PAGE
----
Among the individual monuments are several that deserve special mention. These include the 1892 statue of Maud Munn, an 11-year-old dance student who died on New Year's Day, and the memorial to Andrew C. Hand, who died in a fall from a fruit tree. His epitaph reads: 'That cherry tree of luscious fruit. Beguiled him too high, a branch did break. And down he fell and broke his neck and died July 13, 1862.' On the grand scale is the great mausoleum of John Dryden, first president of the Prudential Insurance Co., whose monument is the largest in the cemetery. One wise guy called it as large as the Vermont statehouse. A more deferential observer described it as 'one of the largest and most expensive in the country, characterized by strong, pure architectural lines.' Another unique memorial is the Firemen's group. In it are contained all the traditional symbols of the profession as well as a tall pedestal topped by a handsome fireman. The stone gates are formed of upright hose nozzles bracketed by hooks and ladders. A pipe fence around the plot is supported by stanchions resembling old-time fire hydrants. Originally designed as a final resting place for Newark's unmarried firemen, it is clearly a special corner of the cemetery. Reading like a blue book or social register of past Newark, the cemetery's rolls include patent leather inventor Seth Boyden; Frederick T. Frelinghuysen, a U.S. senator and secretary of state; the Farrand family of Newark Academy fame and college presidencies; Newark mayors Julius Lebkuecher and Thomas Peddie; the Scudders of The Newark News, the McCarters, Clarks and Ballantines of big business; Mary Stillwell, wife of Thomas Edison; Samuel Augustus Ward, who wrote the melody of America the Beautiful; the Flippels of foundation fame, governors Franklin Murphy and Marcus Ward, and on and on.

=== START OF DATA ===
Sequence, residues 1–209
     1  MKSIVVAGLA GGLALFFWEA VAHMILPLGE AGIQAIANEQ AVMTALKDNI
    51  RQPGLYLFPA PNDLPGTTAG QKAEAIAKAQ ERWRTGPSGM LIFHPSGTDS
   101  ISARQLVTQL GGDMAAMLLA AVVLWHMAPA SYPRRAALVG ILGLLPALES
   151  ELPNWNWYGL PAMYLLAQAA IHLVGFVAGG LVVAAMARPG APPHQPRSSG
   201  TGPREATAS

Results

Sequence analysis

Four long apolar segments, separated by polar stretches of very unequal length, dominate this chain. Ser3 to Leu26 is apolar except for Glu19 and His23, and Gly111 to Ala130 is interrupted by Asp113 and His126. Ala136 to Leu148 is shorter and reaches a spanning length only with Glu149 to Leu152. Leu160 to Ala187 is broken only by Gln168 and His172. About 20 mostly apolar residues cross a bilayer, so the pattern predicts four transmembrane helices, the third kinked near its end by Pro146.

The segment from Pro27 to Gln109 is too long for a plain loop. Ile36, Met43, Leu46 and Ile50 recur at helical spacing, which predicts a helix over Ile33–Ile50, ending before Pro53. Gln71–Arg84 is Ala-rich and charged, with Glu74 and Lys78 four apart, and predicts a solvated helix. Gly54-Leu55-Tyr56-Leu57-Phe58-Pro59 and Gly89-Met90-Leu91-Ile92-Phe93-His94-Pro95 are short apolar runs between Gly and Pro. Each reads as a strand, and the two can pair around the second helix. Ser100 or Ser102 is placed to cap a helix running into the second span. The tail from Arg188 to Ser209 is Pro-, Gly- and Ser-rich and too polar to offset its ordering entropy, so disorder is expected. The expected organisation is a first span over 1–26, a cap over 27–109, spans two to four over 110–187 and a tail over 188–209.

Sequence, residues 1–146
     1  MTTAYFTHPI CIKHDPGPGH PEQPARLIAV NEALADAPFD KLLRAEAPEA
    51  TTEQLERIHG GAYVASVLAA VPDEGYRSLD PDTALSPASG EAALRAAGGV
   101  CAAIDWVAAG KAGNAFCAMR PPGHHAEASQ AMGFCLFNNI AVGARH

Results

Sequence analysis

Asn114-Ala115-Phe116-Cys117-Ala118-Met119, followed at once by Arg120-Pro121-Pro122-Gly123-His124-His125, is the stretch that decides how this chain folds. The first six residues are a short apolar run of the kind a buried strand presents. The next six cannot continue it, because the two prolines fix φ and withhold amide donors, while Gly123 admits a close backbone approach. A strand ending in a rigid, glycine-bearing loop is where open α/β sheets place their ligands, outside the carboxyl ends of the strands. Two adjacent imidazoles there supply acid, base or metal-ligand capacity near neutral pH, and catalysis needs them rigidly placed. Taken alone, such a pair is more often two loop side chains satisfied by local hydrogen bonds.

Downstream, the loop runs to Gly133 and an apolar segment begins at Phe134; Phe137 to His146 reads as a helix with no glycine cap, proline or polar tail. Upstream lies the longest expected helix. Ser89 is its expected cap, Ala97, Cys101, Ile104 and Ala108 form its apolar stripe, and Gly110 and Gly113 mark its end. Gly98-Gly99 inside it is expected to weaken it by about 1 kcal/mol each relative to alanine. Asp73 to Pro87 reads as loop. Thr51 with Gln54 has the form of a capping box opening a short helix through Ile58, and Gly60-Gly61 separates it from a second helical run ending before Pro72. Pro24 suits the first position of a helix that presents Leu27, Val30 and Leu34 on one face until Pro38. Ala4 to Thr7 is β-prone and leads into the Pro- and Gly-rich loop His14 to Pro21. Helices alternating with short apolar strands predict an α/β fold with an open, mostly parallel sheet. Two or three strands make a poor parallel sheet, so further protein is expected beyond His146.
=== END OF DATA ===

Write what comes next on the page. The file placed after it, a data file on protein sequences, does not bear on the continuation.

Alexander J. Willman, secretary and superintendent of Mt. Pleasant Cemetery for the past 37 years, noted that he was still in awe of the names chiseled on the stately monuments and often imagined what the funerals with horses and carriages were like as corteges would make their way through the beautiful tree-lined roads to the tolling of the chapel bell. Today, the carriages are gone, but the beauty and reverence remain in a resting place for some of Newark's most interesting people.

While this section of Woodside, Forest Hill, or North Newark, contains dozens of other interesting and important landmarks, which we will eventually visit, there are two others that need mentioning only briefly while we are in this part of town – an early home of Mutual Benefit and the present headquarters of the New Jersey Historical Society. Now known as MBL Life Assurance Co., Mutual Benefit is one of the city's oldest commercial institutions, founded in 1845. During its long existence it has occupied four different headquarters in town. In 1927, its leaders commissioned Newark architects John H. and Wilson C. Ely to design the renaissance business palace at 300 Broadway, which it occupied for 27 years before moving to its present headquarters on Broad Street at Washington Park. The six story classical-columned Broadway building, sheathed with ashlar-patterned limestone, contains double-hung bronze windows with spandrel panels between the third and fifth floors, a 1,000-seat auditorium, and 12 elevators. In 1954 it became home of Essex Catholic High School. Today it serves as the Hospitality Care Center. Just down the street is The New Jersey Historical Society. Built in the classical tradition in 1929 for $350,000 at Broadway and Taylor, the society is dedicated to those 'to discover, procure and preserve whatever relates to any part of the history of New Jersey. While the society has been part of Newark since 1845, making it the state's oldest cultural agency, it has been located in this section for more than 60 years. This spring the society will move to a new downtown headquarters in the old Essex Club.

The next time you go flying along McCarter Highway and see the tail-end of Mt. Pleasant Cemetery, remember some of the history that has gone on here—the authors, ghosts, regattas, Revolutionary War maneuvers, the making of calico, the fine homes and mansions, the duels, the drinking parties, and the final resting place of important people. All these things combine to create an important part of local and American history.